Our annual FTSE350 research has shown that firms pay 37p out of every £1 they spend on pension provision on reducing existing defined benefit (DB) pension deficits.
Despite the research’s finding that FTSE350 firms’ pension deficit contributions are now at the lowest level they have been for 5 years, they still equate to almost 40% of the total paid towards pension provision for the UK’s largest businesses.
The research, conducted for the fourth year running, highlights the impact DB – or final salary – pension schemes are having on FTSE350 businesses.
"The fact that 37p of every pound spent by companies on pensions is paid towards clearing pension deficits is striking and illustrates just how much companies are still having to pay in order to reduce funding shortfalls."
This year’s research also found that DB schemes are having a significant impact on shareholder returns with deficit contributions of 33p being paid for every £1 paid out to shareholders in dividends. However, this is also at the lowest level it has been for 5 years (when compared to an average of 38p over the preceding 4 year period).
Key findings from the research include:
- The total IAS19* deficit reported by FTSE350 companies in 2013 was £55.6bn representing a £7.6bn reduction in the aggregate shortfall from the previous year.
- Deficit contributions paid in 2013 were £8.5bn, representing a decrease of over 20% compared with the preceding year.
- The effects of auto-enrolment on the bottom line became apparent, with an average increase of 16% in defined contribution (DC) cost for the largest firms in the FTSE350.
- Deficit contributions exceeded free cash flow for nearly one quarter (23.6%) of the companies in our study.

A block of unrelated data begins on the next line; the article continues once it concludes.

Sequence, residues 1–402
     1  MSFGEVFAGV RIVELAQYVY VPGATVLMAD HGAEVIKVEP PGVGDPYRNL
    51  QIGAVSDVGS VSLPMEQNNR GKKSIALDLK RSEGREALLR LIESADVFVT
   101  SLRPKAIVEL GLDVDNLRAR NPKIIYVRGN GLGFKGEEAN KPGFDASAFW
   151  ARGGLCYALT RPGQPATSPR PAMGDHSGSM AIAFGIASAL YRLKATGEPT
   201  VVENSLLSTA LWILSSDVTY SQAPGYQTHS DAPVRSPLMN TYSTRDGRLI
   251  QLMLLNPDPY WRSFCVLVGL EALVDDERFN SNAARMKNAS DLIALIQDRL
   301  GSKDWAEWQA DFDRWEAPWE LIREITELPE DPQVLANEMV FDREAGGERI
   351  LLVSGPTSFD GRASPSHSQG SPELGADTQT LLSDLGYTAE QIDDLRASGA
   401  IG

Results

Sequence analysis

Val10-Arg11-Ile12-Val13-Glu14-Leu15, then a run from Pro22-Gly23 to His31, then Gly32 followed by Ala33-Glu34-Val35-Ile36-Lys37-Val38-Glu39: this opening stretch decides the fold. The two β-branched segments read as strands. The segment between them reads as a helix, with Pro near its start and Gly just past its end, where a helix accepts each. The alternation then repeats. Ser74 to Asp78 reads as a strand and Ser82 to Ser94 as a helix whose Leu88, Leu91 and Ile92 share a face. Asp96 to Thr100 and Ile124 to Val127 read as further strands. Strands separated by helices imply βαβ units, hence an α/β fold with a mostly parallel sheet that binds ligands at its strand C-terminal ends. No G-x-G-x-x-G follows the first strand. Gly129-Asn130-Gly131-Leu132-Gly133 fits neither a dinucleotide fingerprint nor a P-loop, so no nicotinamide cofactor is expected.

- There were 37 companies who could have afforded to buy-out their DB scheme using the increase in their cash holdings from 2012 to 2013
- Over 40% of companies in each of the Consumer Staples, Consumer Discretionary, and Utilities sectors are paying more in deficit contributions that they are towards future pension provision for their employees.
“The fact that 37p of every pound spent by companies on pensions is paid towards clearing pension deficits is striking and illustrates just how much companies are still having to pay in order to reduce funding shortfalls. This 37p, along with the significant amounts that have been paid historically, is being diverted to pay for pensions for the generation of employees lucky enough to receive a DB pension. The lack of pensions saving by subsequent generations will be further addressed through auto-enrolment but the difference in the quantum of contributions being paid, which will ultimately determine the level of pension, is huge.
“Nonetheless, the overall picture for DB funding in 2013 has improved somewhat with deficit contributions seemingly placing less of a strain on company finances particularly for some of the more extreme cases we saw several years ago. With TPR’s new funding Code of Practice promising to be less restrictive on corporates going forward, directors should be optimistic about the future. Our research already notes an improvement in the scale of deficit contributions being ploughed into DB schemes and there has been a welcome reduction in deficit contributions relative to dividends paid to shareholders.
“Shareholders, which will include DC pension savers, will also welcome the increase in dividend payments relative to DB scheme deficit contributions which must have been a major drag on shareholder returns.
“The FTSE350 still had 180 companies offering some of their current employees access to a DB pension at the time of reporting their 2013 financials. With the end of contracting-out for DB schemes on the horizon and with the Pensions Minister’s crusade to introduce a legal framework that will allow companies to offer some form of 'risk sharing' pension arrangement, it will be interesting to see how pensions or perhaps more accurately in future 'retirement savings' will change over the next few years.”